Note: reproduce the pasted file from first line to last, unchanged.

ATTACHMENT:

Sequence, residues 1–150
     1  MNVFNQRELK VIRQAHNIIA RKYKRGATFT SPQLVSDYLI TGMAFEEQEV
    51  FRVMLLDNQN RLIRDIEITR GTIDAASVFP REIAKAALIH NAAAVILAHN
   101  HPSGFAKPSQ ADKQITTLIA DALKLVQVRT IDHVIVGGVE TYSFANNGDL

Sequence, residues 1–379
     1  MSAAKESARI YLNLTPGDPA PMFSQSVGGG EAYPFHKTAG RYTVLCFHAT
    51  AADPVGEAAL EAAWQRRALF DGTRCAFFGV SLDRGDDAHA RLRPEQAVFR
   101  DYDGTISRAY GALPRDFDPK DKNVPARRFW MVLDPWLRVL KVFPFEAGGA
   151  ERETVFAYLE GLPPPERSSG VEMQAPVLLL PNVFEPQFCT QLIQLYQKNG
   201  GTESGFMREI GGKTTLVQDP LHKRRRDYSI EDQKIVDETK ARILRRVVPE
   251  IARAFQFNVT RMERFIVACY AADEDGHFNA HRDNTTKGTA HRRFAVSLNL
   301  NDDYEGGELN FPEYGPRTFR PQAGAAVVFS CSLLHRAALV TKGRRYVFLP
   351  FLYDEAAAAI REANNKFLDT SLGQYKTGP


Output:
Sequence, residues 1–150
     1  MNVFNQRELK VIRQAHNIIA RKYKRGATFT SPQLVSDYLI TGMAFEEQEV
    51  FRVMLLDNQN RLIRDIEITR GTIDAASVFP REIAKAALIH NAAAVILAHN
   101  HPSGFAKPSQ ADKQITTLIA DALKLVQVRT IDHVIVGGVE TYSFANNGDL

Sequence, residues 1–379
     1  MSAAKESARI YLNLTPGDPA PMFSQSVGGG EAYPFHKTAG RYTVLCFHAT
    51  AADPVGEAAL EAAWQRRALF DGTRCAFFGV SLDRGDDAHA RLRPEQAVFR
   101  DYDGTISRAY GALPRDFDPK DKNVPARRFW MVLDPWLRVL KVFPFEAGGA
   151  ERETVFAYLE GLPPPERSSG VEMQAPVLLL PNVFEPQFCT QLIQLYQKNG
   201  GTESGFMREI GGKTTLVQDP LHKRRRDYSI EDQKIVDETK ARILRRVVPE
   251  IARAFQFNVT RMERFIVACY AADEDGHFNA HRDNTTKGTA HRRFAVSLNL
   301  NDDYEGGELN FPEYGPRTFR PQAGAAVVFS CSLLHRAALV TKGRRYVFLP
   351  FLYDEAAAAI REANNKFLDT SLGQYKTGP